unresolved MRC would be substantially different. My guess is, not so

much (noting the quite large but consistent HPD-intervals shown in Figs 3–5).

However, you are using an inference method that assumes that there is and optimises towards a single tree (Bayesian dating) on a dataset that doesn't appear to have a lot of tree-like signal (Fig. 2). Thus, most of your branches in the chronograms have dramatically low supports, inevitably so. A problem shared with total evidence dating (i.e. dating using matrices combining molecular and morphological data covering fossil taxa). Nonetheless, a PP << 1.0 directly leads to the question, what is the next- or even more probable topological alternative? The trees you selected for the dating experiments are per se just one of many possibilties.

Given the nature of your data, and to deal with the problem of topological ambiguity, you may want to consider using consensus networks (Holland B, Moulton V. 2003. Consensus networks: A method for visualising incompatibilities in collections of trees. In: Benson G, and Page R, eds. Algorithms in Bioinformatics: Third International Workshop, WABI, Budapest, Hungary Proceedings. Berlin, Heidelberg, Stuttgart: Springer Verlag, p. 165–176) to further investigate the topological alternatives supported by your Bayesian inferences in the future. The method is implemented in SplitsTree which you used for generating the neighbour-net. To generate the consensus network, you simply read in the Bayesian-saved topologies sample, choose "Consensus Network" and select "COUNT" in the pop-up menu. This will give you a consensus network where the edge-lengths are proportional to the posterior probability of the corresponding split (= topological alternative), providing you a comprehensive overview about the main competing topological alternatives. Just to make sure not to overlook a more likely topological alternative (in case there is any). See this January post on our Genealogical World of Networks blog for an example using simulated binary and total evidence data by O'Reilly & Donoghue 2017 (see further note below):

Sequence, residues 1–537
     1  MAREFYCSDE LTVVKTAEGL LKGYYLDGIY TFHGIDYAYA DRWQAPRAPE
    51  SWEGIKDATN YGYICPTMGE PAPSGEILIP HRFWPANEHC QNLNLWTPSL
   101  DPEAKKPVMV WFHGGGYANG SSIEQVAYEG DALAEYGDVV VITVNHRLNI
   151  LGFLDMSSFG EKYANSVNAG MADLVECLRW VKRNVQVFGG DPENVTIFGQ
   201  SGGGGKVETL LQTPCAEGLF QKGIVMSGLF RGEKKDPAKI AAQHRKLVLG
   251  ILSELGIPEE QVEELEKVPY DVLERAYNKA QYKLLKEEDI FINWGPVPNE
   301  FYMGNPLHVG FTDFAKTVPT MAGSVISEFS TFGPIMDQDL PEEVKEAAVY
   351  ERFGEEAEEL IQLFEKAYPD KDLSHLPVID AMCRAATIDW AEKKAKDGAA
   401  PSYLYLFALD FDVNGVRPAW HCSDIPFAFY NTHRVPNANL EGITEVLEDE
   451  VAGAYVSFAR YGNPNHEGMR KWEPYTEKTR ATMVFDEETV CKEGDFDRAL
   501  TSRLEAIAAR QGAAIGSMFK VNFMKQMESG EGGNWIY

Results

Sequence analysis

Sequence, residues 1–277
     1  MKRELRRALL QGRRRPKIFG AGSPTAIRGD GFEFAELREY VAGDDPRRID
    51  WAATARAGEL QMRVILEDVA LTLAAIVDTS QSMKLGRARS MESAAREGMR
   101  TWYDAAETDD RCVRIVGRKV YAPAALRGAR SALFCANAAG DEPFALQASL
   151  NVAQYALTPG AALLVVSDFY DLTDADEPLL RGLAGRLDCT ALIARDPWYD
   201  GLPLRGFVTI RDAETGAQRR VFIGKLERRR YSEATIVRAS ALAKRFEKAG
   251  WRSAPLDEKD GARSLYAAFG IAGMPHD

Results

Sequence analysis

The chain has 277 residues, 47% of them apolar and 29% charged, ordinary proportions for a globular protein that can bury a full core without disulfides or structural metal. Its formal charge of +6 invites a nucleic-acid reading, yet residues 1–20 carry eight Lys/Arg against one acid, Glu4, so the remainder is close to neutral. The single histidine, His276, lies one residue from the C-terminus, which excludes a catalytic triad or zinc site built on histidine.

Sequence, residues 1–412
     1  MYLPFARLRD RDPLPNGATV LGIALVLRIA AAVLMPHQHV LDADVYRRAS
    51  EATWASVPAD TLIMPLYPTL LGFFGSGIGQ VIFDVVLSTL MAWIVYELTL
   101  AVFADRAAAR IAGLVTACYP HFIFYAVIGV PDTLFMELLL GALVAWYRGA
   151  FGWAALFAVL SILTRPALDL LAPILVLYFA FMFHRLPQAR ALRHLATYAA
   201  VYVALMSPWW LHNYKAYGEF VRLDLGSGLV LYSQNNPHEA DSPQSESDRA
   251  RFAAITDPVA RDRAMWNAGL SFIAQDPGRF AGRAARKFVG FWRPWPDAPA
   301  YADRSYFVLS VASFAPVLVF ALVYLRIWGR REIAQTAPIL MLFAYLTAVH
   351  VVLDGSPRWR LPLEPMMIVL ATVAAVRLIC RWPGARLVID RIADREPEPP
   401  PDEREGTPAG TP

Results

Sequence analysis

http://phylonetworks.blogspot.fr/2018/01/summarizing-non-trivial-bayesian-tree.html

-------------------

Some more technical notes:

It is commonly seen, but one should not report a PP = 1.0 for those branches that have been constrained to be monophyletic; the PP is literally the probability for the branch, which is unknown, if its not free to be modified. You can mark the constrained branch e.g. by asterisk or write ":=1.00" instead of "1.00"